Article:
Read The God Mars Book Five: Onryo Online

Authors: Michael Rizzo

Tags: #ghosts, #mars, #gods, #war, #nanotechnology, #heroes, #immortality, #warriors, #cultures, #superhuman

The God Mars Book Five: Onryo

 

 

The God Mars
Book Five: Onryō
By Michael Rizzo
Copyright 2015 by Michael Rizzo
Smashwords Edition
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Table of Contents

Part One: Dead Men Tell Tales

 

Chapter 1: The Invisible City

 

Chapter 2: Harvester

 

Chapter 3: Heroes Quest

 

Chapter 4: Die to Live

 

Chapter 5: Dead Man’s Memories

 

Chapter 6: Return of the Reaper

 

Chapter 7: Wizard and Demon

 

Chapter 8: Premature Burial

 

 

Part Two: Time of Death

 

Chapter 1: Local God

 

Chapter 2: Duty

 

Chapter 3: Purpose

 

Chapter 4: Yod’s Will

 

Chapter 5: Weaponized

 

Chapter 6: The Battle of Katar

 

Chapter 7: Fates Worse Than Death

 

Chapter 8: End In Fire

 

 

Epilogue: The Importance of Ritual

 

Map
of the Western Vajra

 

Part One: Dead Men Tell Tales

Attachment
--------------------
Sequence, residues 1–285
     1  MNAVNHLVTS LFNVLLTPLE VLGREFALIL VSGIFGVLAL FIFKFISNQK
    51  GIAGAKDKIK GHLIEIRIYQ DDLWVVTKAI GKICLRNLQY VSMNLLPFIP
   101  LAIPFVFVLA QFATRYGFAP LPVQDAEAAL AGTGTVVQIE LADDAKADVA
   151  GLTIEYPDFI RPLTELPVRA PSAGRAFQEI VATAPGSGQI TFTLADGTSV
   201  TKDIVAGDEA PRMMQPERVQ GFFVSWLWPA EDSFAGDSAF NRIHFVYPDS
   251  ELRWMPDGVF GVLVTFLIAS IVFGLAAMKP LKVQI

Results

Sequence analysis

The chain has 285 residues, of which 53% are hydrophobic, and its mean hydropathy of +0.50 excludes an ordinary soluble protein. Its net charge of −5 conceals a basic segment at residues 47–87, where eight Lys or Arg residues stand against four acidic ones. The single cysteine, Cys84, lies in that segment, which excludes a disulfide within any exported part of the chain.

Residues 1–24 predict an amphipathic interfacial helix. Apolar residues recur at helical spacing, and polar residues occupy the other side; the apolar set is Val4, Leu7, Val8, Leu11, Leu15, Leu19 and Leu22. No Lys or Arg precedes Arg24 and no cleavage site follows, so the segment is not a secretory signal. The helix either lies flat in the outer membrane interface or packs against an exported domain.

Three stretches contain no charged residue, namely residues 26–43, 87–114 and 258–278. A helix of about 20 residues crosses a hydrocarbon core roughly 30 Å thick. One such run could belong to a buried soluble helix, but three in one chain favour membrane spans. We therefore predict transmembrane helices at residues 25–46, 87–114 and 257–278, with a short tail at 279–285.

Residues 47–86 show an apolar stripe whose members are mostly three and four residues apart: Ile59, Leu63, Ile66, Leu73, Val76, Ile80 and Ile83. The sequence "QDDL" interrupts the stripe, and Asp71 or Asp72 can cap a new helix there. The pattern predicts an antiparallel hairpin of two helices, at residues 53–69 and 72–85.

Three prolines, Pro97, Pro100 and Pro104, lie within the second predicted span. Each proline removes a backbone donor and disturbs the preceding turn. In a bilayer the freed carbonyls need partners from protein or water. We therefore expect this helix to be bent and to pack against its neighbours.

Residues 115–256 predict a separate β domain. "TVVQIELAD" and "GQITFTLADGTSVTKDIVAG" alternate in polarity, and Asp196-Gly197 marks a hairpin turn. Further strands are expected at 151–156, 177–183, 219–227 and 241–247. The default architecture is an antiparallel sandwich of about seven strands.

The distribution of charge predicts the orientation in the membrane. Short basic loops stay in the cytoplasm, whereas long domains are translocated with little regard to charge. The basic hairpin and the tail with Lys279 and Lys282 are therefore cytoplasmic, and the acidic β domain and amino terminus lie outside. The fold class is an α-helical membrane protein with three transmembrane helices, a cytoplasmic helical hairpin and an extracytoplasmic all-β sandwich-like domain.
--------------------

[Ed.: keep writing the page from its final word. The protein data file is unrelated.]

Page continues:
Chapter 1: The Invisible City

From the Diary of Jonathan Drake:

 


Abu Abbas of the Northeast Melas Nomads, tell
your life.

The deep commanding voice of the War King of Katar
booms in the massive cut stone and rammed-earth chamber.

As bidden, my father steps up to the Speaker’s
Podium, standing directly under the circle of open sky that is the
apex of the Oculus dome. After a brief moment of silence to finish
gathering his thoughts, he looks out at our fantastic audience as
if he can make eye contact with every one of them. He takes a last
deep breath through his mask, and then loosens it to hang over his
chin so that he can be heard better, relying on the passive oxygen
bleed to keep him from getting light-headed in the thin but
actually breathable air here.

And then he honors the tradition of our hosts, as
strangers who come in peace are expected to: He tells the story of
his life, of our people.

“My name is Abu Abbas, son of Yusuf. I was born in